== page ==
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n14Charlie

Another: "I want to be a game designer" thread

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n14Charlie    122
Hey all
Right now I'm getting my master's degree in Computer Science, and my dream after I'm done is to move abroad and try to squeeze myself into the gaming industry.
I'm a programmer by profession but I dream of being a designer, is there any way I can "learn" the craf of a being a designer? is there any book? or the only thing I should do is try to make a portfolio of games I developed using different engine.
Any help will be appreciated :)

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zyrolasting    280
If you've programmed an application before, you would have had to design it to begin with. Designing is about deciding what you want, recognizing where things can go wrong, and the ideal course of action to write the best implementation. A design always starts with a vision, which is highly subject to various logical flaws and desires that could make programmers start circulating their resumes.

To put it simply, designing a game is merely documenting how a game world works down to every detail that will be referenced by artists, programmers, level designers, etc.

Everyone is capable of designing anything, but being any good at it involves practice (surprise, surprise). Look at what passes for good design and bad by doing some research. I'm sure there are many "Top 10" lists that can give you a vague idea of what's hot and what's not. You could read books on the subject, but the best teacher for any conceptual field is failure and honest feedback from the more grouchy (read: experienced) members of GDNet.

Until you can find formal training for Game Design at Full Sail or wherever, just grab some paper or open Word and design a game. Head to the game design forum and (briefly!) share your design, and get a taste for it before deciding to move out of programming.

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Tom Sloper    16040
Quote:
Original post by n14Charlie
is there any way I can "learn" the craf of a being a designer? is there any book?

Yes, there are several books.
http://www.sloperama.com/advice/lesson8.htm
And just do it. Write some designs.
http://www.sloperama.com/advice/specs.htm
http://www.sloperama.com/advice/lesson13.htm

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Edtharan    607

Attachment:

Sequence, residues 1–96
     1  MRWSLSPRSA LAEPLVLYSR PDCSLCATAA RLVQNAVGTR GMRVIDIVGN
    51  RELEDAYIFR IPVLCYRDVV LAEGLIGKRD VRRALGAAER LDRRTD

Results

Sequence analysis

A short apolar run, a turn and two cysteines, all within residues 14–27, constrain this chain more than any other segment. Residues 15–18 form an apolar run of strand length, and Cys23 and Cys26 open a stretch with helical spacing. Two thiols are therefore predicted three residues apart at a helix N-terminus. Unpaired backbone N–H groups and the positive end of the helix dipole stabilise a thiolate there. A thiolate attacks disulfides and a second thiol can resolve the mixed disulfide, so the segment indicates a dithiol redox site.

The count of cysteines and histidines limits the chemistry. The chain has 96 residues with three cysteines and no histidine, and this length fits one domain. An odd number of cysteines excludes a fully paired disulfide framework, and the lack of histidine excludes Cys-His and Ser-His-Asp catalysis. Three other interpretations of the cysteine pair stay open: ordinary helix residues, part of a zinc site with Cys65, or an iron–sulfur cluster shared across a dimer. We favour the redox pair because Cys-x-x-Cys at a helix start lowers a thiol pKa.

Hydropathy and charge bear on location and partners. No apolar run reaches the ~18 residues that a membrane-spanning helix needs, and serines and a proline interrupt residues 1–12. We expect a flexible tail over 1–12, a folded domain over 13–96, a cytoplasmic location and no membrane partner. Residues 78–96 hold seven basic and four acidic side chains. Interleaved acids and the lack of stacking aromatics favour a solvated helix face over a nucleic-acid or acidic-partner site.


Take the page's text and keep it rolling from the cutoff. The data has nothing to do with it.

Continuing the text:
As zyrolasting said: "practice". Ideas are cheap, so one way to practice is to just come up with an idea and design the game as a theoretical excersize. You might not develop the game, but at least you will get practice in designing. Using GDNet here will allow you to get feedback on your designs and help improve your skills.

There are often posts from other designers in these forums where they propose games that they are not intending to develop, but are just using it as a discussion, or as a theoretical excersize to improve their skills.

And, if you have an idea that you don't want to put forward (for what ever reason), you don't have to put forward that idea, just come up with something just for the purpose of learning.

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JoeCooper    350
Quote:
Original post by Edtharan
As zyrolasting said: "practice". Ideas are cheap, so one way to practice is to just come up with an idea and design the game as a theoretical excersize. You might not develop the game, but at least you will get practice in designing.


It's worth doing that a lot; fleshing out designs. But also implement some. Use some "quick & dirty" prototyping approach, like making it on paper or in Java or Flash or even a game kit. When you actually play a game, it brings out a lot of interesting flaws that will warrant revisement.

Also try to think deeply about games you play and what decisions you're really making as you play them, and what you're really doing. A lot of games are deceptively simple. If you see a game that just looks really simple and mindless, look deeper.

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